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Consider the quantization of the electromagnetic field. In the discrete case, given in Wikipedia, the operators $\hat{a}$ and $\hat{a}^\dagger$ are dimensionless $$[\hat{a}]=[\hat{a}^\dagger] = 1,$$ which is consistent with the commutation relation $[\hat{a},\hat{a}^\dagger]=\delta_{\vec{k},\vec{k}'}$. This is also consistent with $$ \vec{E} = i\sum_{\vec{k},s}\sqrt{\frac{\hbar\omega}{2V\epsilon_0}}[\vec{e}_s\hat{a}_{\vec{k},s}e^{i\vec{k}\cdot\vec{r}} + \vec{e}_s\hat{a}_{\vec{k},s}^\dagger e^{-i\vec{k}\cdot\vec{r}}] $$ meaning that $[\vec{E}] = \text{V}/\text{m}$ in SI units.

Now consider the continuous case in which $[\hat{a},\hat{a}^\dagger]=\delta^3(\vec{k}-\vec{k}')$. This commutation relation implies that the units of the creation and annihilation operators are $$ [\hat{a}]=[\hat{a}^\dagger] = \text{distance}^{3/2}. $$ However if I take the limit to $k$ continuous using $$ \lim_{V\to\infty}\frac{1}{V} \sum_\vec{k} \to \int d^3k $$ in the expression of $E$ given in Wikipedia (in this page) now the units don't match. Also, the volume $V$ does not cancel out so in this limit $E=\infty$. I mean, taking the previous expression for $\vec{E}$ and applying this limit gives $$ \vec{E} = i\sum_{s} \int d^3k \sqrt{\frac{\hbar\omega V}{2\epsilon_0}}[\vec{e}_s\hat{a}_{\vec{k},s}e^{i\vec{k}\cdot\vec{r}} + \vec{e}_s\hat{a}_{\vec{k},s}^\dagger e^{-i\vec{k}\cdot\vec{r}}] $$ which, obviously, has the same units as before thus being non consistent with the "new units" of the operators.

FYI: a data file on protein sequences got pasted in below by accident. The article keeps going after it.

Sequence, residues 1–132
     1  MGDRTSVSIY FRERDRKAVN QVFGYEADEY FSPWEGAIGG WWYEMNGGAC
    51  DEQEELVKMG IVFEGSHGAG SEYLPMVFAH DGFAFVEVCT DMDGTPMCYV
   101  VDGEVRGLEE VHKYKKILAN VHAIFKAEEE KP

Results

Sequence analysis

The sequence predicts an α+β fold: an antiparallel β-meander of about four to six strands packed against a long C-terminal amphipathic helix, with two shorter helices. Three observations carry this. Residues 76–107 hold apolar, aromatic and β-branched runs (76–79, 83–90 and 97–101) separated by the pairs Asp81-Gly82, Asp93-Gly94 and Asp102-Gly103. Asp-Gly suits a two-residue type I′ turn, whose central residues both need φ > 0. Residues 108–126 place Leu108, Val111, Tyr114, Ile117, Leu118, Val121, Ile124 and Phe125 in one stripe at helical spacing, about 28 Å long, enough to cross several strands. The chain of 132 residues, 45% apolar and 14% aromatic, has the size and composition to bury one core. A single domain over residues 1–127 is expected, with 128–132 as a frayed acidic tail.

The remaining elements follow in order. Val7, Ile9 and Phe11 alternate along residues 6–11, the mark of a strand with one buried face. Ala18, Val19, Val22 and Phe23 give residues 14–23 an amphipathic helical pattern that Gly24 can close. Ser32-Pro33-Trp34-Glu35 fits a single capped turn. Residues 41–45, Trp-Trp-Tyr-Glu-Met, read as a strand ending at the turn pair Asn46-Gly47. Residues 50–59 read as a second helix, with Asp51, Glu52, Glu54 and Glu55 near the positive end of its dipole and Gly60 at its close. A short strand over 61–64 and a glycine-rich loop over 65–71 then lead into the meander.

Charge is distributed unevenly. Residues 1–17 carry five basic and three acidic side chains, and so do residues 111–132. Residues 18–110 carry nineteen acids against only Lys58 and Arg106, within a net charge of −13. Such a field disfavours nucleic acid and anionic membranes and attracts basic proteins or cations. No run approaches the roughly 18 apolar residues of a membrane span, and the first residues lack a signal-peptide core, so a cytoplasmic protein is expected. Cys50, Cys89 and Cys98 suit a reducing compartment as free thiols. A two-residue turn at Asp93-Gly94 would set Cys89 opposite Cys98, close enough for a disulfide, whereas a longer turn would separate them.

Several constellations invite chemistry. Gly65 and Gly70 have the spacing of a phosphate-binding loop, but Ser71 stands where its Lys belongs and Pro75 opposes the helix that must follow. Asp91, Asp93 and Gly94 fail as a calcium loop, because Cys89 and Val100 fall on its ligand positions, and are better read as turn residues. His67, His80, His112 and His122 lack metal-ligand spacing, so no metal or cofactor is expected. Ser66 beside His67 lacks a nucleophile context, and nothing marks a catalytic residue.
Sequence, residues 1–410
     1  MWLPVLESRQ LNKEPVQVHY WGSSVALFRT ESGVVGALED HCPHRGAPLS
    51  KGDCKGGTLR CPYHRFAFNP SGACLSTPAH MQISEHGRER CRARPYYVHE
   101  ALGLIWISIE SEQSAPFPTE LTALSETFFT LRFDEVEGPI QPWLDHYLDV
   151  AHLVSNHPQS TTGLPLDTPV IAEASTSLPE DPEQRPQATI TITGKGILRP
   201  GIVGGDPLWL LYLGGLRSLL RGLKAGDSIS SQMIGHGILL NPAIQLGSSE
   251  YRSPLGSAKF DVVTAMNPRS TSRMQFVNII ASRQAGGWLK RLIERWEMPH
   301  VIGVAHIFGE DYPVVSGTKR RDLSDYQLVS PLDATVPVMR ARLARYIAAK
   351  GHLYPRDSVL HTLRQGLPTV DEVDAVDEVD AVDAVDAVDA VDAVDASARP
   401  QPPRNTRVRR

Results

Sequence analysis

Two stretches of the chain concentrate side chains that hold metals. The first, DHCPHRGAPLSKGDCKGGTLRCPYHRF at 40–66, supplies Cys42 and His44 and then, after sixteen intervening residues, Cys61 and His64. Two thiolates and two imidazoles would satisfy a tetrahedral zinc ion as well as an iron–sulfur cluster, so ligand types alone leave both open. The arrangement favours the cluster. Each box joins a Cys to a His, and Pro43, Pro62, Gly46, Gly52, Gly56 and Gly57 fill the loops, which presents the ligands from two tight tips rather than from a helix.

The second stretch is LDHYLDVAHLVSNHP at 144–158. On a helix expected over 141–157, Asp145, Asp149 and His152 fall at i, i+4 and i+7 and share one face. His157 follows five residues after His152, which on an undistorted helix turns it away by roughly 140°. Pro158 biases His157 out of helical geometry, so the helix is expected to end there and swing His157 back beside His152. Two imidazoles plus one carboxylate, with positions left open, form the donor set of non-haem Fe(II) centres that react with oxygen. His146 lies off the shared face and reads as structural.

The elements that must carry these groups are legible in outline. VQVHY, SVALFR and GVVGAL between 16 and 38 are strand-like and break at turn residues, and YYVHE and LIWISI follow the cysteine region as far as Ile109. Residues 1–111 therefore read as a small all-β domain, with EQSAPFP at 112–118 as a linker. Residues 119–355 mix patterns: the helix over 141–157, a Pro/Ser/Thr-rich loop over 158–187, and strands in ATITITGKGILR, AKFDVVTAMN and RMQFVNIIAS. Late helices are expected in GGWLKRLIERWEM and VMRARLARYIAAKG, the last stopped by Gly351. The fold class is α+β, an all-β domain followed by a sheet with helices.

How are these "units problem" and "infinity problem" solved?

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If you write $$ H = \int \frac{d^3 k}{(2\pi)^3}E({\bf k}) \hat a^\dagger({\bf k})\hat a({\bf k})e^{i{\bf k}\cdot {\bf x}} $$ then the dimensions $[a]= {\rm L}^{3/2}$ work out as $[k]= {\rm L}^{-1}$

In one dimension with periodic boundary conditions
$$ k= \frac{2\pi n} {L} $$ and for quantities that vary smoothly with $k$ we can write $$ \sum_n \to \int dn = L \int \frac {dk}{2\pi}. $$

Rather more heuristically we have $$ \delta(k-k')= \delta\left(\frac {2\pi}{ L}(n-n')\right)= \frac L{2\pi} \delta(n-n')\equiv \frac L{2\pi}\delta_{nn'} $$ which is consistent with $2\pi \delta(k=0) = L$, which also follows from setting $k=0$ in $$ 2\pi \delta(k)= \int_{-\infty}^{\infty} e^{ikx}dx. $$ Thus the the factors of the length $L$'s are also consistent.

In the expression for $H$ we have absorbed the factor $L^3$ in front of the integral into the $a$'s.

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  • $\begingroup$ Thanks for your answer. Do you know which would be the "normalization factor" or whatever that multiplies $E$ in order to have the correct units? $\endgroup$
    – user171780
    Sep 10 '20 at 20:25
  • $\begingroup$ It should already be correct: If $E(k)$ is in Joules then the eigenvalue of the eigenstate $|k\rangle =\hat a^\dagger(k) |0\rangle$ of $H$ is $E(k)$ and is in Joules. $\endgroup$
    – mike stone
    Sep 10 '20 at 20:28
  • $\begingroup$ I have updated my question to better illustrate my point. $\endgroup$
    – user171780
    Sep 11 '20 at 8:55

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